Saturday, October 25, 2014

Returning All Starters, Ossining To Make Due With Schedule

A basketball oasis in the old-school sense, Ossining girls basketball is predicated strictly on homegrown products.

Like Mount Vernon on the boys side, it's the grass-roots systems and togetherness that breeds a yearly contender.

Out of the 11 players head coach Dan Ricci plays comfortably, all went to elementary and middle school together and grew up in the tiny, 3.2 square mile village along the banks of the Hudson River.

 This helps evoke an unflappable chemistry that's rendered tight-knit Ossining such a daunting order for Section 1 foes.

Self-interest and personal stats are never a concern.

Those 50-50 balls are pursued grittily.

Shooters pop off the bench and provide immediate catch-and-stick production.

Ricci ensures that all of his scoring threats are defenders first.

 The Pride's roster contains enough oceanic-depth to come in waves and waves and waves en route to wearing down the opponent.

With four straight Section 1 championships, three straight regional champions, and two consecutive NY state championships to defend, the talent is nurtured through an AAU schedule featuring road swings in D.C., Rhode Island, N.J. and Blue Chip-laden showcases in Pa.

Ossining's entire team from last season is back, with the focus shifted to becoming just the seventh program in NYS history to win three straight state titles.

The aim is always to compete against the best, as Ricci noted.

Out-of-conference matchups against Archbishop Molloy, Syracuse area power Jamesville-DeWitt, Bishop Loughlin, Albany HS, as well as a barometer against James Madison (Va.) during a tournament in the Bahamas are sure to keep the brand fresh.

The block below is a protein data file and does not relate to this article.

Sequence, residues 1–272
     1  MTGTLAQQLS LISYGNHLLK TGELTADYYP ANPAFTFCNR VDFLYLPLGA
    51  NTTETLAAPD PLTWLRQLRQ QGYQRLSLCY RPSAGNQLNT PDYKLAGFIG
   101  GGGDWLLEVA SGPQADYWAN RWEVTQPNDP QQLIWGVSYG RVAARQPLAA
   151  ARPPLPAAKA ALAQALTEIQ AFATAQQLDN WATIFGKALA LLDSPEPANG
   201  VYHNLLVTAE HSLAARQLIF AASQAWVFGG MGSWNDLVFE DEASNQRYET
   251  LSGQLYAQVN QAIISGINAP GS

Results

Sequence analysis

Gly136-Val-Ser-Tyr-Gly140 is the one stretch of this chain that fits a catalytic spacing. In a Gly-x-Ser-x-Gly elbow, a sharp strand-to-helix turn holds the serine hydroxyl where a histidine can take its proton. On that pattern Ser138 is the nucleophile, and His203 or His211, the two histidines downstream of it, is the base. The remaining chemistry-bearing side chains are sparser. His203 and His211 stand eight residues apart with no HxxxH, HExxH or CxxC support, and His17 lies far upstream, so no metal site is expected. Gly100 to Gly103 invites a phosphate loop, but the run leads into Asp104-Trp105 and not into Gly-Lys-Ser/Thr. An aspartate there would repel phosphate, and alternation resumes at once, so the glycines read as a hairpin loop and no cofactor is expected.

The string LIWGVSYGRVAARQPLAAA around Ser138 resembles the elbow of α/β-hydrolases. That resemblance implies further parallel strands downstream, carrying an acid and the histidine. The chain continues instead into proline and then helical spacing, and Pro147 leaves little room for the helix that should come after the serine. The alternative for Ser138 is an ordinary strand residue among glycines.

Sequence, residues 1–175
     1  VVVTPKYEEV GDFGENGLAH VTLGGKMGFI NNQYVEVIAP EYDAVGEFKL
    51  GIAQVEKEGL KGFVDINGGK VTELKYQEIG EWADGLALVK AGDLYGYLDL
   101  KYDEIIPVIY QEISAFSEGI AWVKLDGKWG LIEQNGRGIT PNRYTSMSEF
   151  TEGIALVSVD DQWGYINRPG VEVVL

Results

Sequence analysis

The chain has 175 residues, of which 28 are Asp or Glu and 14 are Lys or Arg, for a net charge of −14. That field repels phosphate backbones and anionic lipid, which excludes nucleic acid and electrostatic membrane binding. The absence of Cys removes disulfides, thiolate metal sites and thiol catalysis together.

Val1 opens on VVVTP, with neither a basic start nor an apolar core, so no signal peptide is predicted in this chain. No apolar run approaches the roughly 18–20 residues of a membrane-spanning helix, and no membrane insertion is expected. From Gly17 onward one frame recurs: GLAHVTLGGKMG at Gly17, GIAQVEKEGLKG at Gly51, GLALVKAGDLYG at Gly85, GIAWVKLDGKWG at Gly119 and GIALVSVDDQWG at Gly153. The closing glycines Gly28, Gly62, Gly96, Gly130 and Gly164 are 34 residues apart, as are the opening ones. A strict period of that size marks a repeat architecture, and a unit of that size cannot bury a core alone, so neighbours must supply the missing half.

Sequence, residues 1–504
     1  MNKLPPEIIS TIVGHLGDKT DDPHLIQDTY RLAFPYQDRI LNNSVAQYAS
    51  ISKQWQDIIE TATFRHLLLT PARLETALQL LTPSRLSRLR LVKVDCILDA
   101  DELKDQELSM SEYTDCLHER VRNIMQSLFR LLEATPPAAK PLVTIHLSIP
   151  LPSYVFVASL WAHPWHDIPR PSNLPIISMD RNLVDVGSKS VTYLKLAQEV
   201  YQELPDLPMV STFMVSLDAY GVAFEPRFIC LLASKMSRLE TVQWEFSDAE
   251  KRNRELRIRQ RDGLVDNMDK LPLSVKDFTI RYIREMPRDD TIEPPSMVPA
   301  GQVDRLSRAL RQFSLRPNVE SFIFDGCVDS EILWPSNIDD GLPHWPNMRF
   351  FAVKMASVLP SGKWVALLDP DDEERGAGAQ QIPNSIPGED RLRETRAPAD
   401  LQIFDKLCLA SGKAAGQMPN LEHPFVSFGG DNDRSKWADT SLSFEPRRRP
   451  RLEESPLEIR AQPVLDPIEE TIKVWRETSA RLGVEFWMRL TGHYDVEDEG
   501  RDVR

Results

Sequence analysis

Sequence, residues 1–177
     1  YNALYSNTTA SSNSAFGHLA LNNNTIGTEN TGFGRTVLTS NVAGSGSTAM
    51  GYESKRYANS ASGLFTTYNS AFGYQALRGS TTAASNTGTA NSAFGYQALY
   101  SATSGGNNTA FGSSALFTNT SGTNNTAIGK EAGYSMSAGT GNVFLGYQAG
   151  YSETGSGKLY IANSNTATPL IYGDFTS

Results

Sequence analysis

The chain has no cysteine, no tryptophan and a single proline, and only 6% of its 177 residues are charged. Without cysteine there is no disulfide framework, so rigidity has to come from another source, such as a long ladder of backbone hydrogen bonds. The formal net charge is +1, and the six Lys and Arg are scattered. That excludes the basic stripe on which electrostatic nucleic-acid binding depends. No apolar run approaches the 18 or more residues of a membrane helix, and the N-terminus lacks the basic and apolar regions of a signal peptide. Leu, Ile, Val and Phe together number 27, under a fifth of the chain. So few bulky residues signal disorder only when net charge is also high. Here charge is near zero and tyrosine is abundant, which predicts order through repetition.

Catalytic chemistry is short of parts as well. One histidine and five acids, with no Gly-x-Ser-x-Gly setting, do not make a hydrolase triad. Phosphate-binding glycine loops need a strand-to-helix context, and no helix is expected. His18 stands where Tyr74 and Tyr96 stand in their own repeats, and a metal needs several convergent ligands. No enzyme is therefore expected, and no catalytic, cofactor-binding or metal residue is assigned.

After a pre-season tune-up against plenty-talented Our Lady Of Lourdes at CLUB FIT, which witnessed the short-handed Pride deposit a hailstorm of 3-pointers en route to a 40-point washout, the hunger for new, stiffer competition has only intensified.

"Unfortunately our schedule is not what we would like it to be (this year)," Ricci said.

"Twelve of our 18 games were assigned by BOCES. We wanted to play the likes of Christ The King and Murray Bergtraum like we did a few years ago, but we were not allowed to do it this year. So we will scrimmage those teams to improve."

Improvement is a vital factor for Ricci's system, as he tightly charts progression.

Few players have improved at the rate Shadeen Samuels has.

 Finally receiving a clean bill of health, the 6-foot guard has proven she can crash the boards and defend as effectively as she opens up the mid-range game and handles.

Offers from George Washington and Seton Hall are on the table.

 LaSalle, Iona, Hofstra, Delaware, Canisius, and Sacred Heart have all inquired.

Hartford, which received a verbal pledge from teammate Jalay Knowles last month, has also expressed interest.

Knowles, a 1000+-point scorer, was the MVP of O's 76-49 Section 1 championship romp of Mahopac.

She authored a 23-point, seven-rebound, and seven-steal performance, only the prelude to a 42-point, 20-rebound eruption during a 77-47 thrashing of Kingston High.

It was her coach-ability and character that helped her win over Hartford head coach Jen Rizzoti, a Geno Auriemma disciple who coaches with the USA World Championship team.

Also deciding on a future hardwood home was guard Stephanie Svodoba, who committed to nearby Pace. Svodoba, who got her teeth cut as a pure shooter with New Castle Youth Basketball Association, adapted to the role of game manager last season.

Madison Strippoli, a forward who provides immediate energy off the bench, has received Division-II interest from NYIT and Georgian Court.

"She would be the best player on most teams in Section 1," as Ricci opined. "She will start if we go big."

The Pride has upfront strength with senior Abby Squirrel, a multi-sport athlete headed to Marquette on a lacrosse scholarship. Squirrel has routinely shot free throws with one hand, bringing back a lost art mastered by guys like Anthony Mason and Don Nelson.

Ricci said it's always been a priority to prepare his team against the elite of the elite. He'll sidestep the schedule with a rigorous preseason.

There is nowhere for the Pride to hide, not with the demanding off-season work and budding NCAA interest across the boards.

There's a high standard held here. Only because it's Ossining, where the mountainous expectations remain sky-high through the post-Saniya Chong era.